I Went to Ashwood and…..


….saw the boss’s garden!

Several times a year, John Massey, the owner of Ashwood nursery, opens his garden for charity. In all the years we have lived here, as well as been ardent visitors to the nursery, we have never been to his open garden. How dreadful! There’s always something else going on – and the last time we planned to visit, it chucked down with rain! But, at last, a couple of weeks ago, we managed it!

We were definitely not disappointed. Talk about an understatement! It was so much more than we had anticipated.

It is a beautiful 3 acre garden, set on the banks of the Staffordshire and Worcestersire canal. It’s a garden full of island beds and sinuous grass paths, under a wonderful selection of mature trees. These beds are burgeoning with the most beautiful collection of choice shrubs, grasses and perennials. As if the mixed planting is not interest enough, the borders are punctuated with incredible statues and features.

We took so many photos, that it would be impossible to show you them all! I’ll just have to try to select a choice few.

With such a predominance of shrubs, I was amazed at the amount of colour there was, and not just from flowers. The foliage played its part too.


And the bark.

There were the most sumptuous and amazing flowers, such as this paeony.


The colour combinations were stunning!

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This scented shrub is a new one to me. And I must find out what it is! Any ideas?


A beautiful pond, complete with waterfall and deck, was backed by a grand rockery.



I loved the loggia! It had such a Mediterranean feel, so full of scent.


But, taking a left turning on arrival, will take you to a natural wildlife meadow. They’ve paid particular attention to wildlife, by incorporating features such as log piles, and beehives.


And a tree that looks like it stepped straight out of the Hobbit!


What a peaceful, idyllic view of the Staffordshire countryside!


I’ll leave you with some more shots of the imaginative planting and features.




If you ever get the chance, take it!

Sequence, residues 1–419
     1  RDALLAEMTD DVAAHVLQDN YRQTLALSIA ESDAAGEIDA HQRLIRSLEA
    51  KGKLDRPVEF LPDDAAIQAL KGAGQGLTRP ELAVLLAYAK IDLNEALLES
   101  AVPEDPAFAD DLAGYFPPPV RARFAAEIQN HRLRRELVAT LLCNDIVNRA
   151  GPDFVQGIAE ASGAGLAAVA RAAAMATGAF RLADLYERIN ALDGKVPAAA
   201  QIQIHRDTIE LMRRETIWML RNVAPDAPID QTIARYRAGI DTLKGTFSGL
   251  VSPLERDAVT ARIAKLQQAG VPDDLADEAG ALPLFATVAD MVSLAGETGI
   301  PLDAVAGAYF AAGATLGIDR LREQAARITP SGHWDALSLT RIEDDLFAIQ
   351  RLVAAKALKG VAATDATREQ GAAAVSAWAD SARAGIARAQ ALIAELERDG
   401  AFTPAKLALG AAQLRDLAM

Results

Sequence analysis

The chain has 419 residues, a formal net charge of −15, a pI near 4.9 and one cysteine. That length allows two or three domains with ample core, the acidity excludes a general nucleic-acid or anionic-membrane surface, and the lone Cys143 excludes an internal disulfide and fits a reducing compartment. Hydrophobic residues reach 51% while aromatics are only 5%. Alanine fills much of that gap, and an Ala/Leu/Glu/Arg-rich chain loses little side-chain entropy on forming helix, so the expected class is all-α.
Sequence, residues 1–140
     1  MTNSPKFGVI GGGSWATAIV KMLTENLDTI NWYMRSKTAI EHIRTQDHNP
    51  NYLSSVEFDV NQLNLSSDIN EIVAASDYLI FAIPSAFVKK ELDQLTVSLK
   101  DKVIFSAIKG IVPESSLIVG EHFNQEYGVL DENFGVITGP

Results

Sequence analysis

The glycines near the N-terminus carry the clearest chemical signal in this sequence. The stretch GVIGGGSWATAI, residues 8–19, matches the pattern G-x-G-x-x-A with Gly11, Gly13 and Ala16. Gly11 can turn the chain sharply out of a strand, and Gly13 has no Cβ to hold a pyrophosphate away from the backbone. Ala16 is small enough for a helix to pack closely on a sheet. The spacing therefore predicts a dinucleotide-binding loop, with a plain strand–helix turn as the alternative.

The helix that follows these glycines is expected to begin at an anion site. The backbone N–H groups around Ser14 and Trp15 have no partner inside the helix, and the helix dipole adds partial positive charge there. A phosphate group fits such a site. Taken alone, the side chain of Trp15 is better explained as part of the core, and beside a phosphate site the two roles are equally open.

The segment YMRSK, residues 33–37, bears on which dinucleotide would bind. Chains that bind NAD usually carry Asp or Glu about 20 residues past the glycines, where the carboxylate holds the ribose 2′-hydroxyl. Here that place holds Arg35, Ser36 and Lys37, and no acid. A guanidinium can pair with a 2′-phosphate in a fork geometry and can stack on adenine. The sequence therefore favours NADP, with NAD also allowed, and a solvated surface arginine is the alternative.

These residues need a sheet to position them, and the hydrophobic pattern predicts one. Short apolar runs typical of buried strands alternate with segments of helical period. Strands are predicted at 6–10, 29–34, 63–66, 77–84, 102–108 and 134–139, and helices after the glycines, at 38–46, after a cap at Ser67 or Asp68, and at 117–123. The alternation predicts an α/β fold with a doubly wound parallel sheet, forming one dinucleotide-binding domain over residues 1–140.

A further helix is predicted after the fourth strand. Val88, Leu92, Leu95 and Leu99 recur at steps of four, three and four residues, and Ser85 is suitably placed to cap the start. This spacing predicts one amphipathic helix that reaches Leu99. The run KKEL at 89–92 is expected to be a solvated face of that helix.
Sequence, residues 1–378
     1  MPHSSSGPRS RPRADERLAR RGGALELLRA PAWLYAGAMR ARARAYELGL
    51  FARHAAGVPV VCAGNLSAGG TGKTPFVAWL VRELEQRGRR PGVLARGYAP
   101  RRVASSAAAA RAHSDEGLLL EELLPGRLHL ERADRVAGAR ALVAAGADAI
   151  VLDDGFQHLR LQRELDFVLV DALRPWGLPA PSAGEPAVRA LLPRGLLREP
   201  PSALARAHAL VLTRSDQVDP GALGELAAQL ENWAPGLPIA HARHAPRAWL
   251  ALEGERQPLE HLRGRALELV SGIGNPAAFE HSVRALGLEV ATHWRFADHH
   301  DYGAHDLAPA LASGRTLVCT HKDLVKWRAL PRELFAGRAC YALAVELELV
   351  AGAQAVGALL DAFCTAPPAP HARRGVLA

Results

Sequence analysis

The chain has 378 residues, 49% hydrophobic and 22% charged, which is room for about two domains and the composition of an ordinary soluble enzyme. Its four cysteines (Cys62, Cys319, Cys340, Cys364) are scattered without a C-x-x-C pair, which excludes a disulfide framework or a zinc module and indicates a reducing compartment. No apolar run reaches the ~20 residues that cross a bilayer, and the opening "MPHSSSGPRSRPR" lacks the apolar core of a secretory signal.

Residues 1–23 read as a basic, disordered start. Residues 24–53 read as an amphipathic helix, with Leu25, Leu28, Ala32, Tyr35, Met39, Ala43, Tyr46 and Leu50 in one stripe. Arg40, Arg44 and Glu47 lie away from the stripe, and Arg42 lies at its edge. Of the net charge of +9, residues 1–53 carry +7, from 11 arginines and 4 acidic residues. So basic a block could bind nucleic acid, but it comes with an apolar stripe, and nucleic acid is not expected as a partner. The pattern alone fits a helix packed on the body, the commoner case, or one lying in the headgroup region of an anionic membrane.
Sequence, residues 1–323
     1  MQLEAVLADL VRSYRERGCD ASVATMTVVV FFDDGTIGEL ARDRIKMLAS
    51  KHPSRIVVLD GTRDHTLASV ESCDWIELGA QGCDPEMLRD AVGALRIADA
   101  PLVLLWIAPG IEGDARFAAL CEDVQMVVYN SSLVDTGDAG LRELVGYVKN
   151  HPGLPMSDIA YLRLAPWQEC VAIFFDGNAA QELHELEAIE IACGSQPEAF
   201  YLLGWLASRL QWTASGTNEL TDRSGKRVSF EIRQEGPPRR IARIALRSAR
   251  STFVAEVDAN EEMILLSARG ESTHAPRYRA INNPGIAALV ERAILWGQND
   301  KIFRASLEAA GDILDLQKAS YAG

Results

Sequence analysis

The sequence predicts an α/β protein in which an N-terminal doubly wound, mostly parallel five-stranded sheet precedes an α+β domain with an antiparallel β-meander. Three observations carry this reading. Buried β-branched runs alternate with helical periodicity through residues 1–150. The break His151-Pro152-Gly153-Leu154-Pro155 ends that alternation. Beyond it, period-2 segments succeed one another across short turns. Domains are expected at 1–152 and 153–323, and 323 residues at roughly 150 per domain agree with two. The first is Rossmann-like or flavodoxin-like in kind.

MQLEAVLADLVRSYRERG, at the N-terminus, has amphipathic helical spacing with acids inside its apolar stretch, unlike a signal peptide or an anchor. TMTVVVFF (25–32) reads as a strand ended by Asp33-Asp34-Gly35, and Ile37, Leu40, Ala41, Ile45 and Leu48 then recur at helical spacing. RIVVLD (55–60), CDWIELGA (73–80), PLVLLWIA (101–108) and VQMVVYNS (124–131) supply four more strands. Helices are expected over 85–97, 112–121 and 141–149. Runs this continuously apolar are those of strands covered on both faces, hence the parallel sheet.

15 thoughts on “I Went to Ashwood and…..

  1. mattb325

    Lovely garden, indeed….some of the foliage and colour combos are just fantastic! I think your mystery shrub is Chionanthus virginicus (the fringe tree) but I could be mistaken….

    1. thelonggardenpath Post author

      I couldn’t believe how colourful the whole garden was, with so much emphasis on shrubs. Thank you for identifying my mystery shrub. I’ve checked out its “statistics” and, sadly, it won’t be suitable for my garden. I’ll just have to visit again! 🙂

  2. Chloris

    What a great garden, super shrubs and trees and how wonderful to find the legendary Paeonia suffruticosa ‘ Joseph Rock’ in bloom. My seed grown baby of this is now 3 years old and I can hardly wait for it those wonderful flowers.
    I love the use of gravel, it is a wonderful way to display plants.

  3. thelonggardenpath Post author

    It was amazing – and so immaculate! They (or he!) uses a fair bit of gravel. One shot I took, showed wending rivers of gravel, punctuated with spikes of irises – lovely! Thanks for identifying the paeony. I wasn’t aware of plant labels, but there was so much to appreciate, there was little time for labels! It certainly had the “wow” factor! Hope yours won’t be too much longer in flowering, that you’ll share that beauty with us all! You are so patient!

  4. Angie

    Such beautiful gardens, one I am probably likely never to visit. I think you for sharing your trip out with us.
    My local nursery has the very same Peony (Joseph Rock) growing in his grounds. There was one for sale at ÂŁ94 but it was really beyond me budget. Maybe one day!
    My favourite shot is actually the swans in amongst those grasses, perfect. I think I could stare at them all day long.

    1. thelonggardenpath Post author

      How much?!! Good grief, definitely beyond my budget too! Chloris has been growing one from seed, and now I can appreciate why she has been so patient! It is definitely a stunner!
      I love the swans too. The bed backs on to the canal, and I was hoping to get a shot, with a narrowboat passing in the background. Just wasn’t quick enough!

  5. The Frustrated Gardener

    Lovely post. There’s a whiff of Alan Bloom and John Brooks about the garden so I am guessing it dates from the 80’s when conifers and gravel gardens were all the rage? I love the loggia and all those aeoniums. I can’t help with your shrub/tree sadly. I saw exactly the same one at Walmer Castle a few weeks ago and haven’t worked out what it is yet.

    1. thelonggardenpath Post author

      Yes, I suppose there is, with all those mature trees and shrubs, and all the island beds. He acquired the nursery in 1968 and his home is attached, so the dates tally. The trees were definitely so mature, and must have been there such a long time.
      Thanks to Mattb235 (see above)! He has identified my unknown shrub as Chionanthus virginicus, or Fringe tree. And thank you, for your kind comment!

  6. Cathy

    Lovely garden and thanks for sharing it Pauline! Especially nice to see ‘Joseph Rock’. I would love to acquire as well, but always put off by the price. Chloris, as you say, is very patient … and right to be so!

  7. thelonggardenpath Post author

    It was definitely a plantsman’s garden, with some choice plants. And immaculately maintained. I’m glad to have met such an esteemed gent as “Joseph Rock”! Thank you!
    P.s. I’m Ali, by the way! 🙂

  8. Brian Skeys

    We have visited a couple of times, I think it is one of THE top gardens, especially in the spring with all the flowering shrubs and trees, bulbs, foliage and bark colour.


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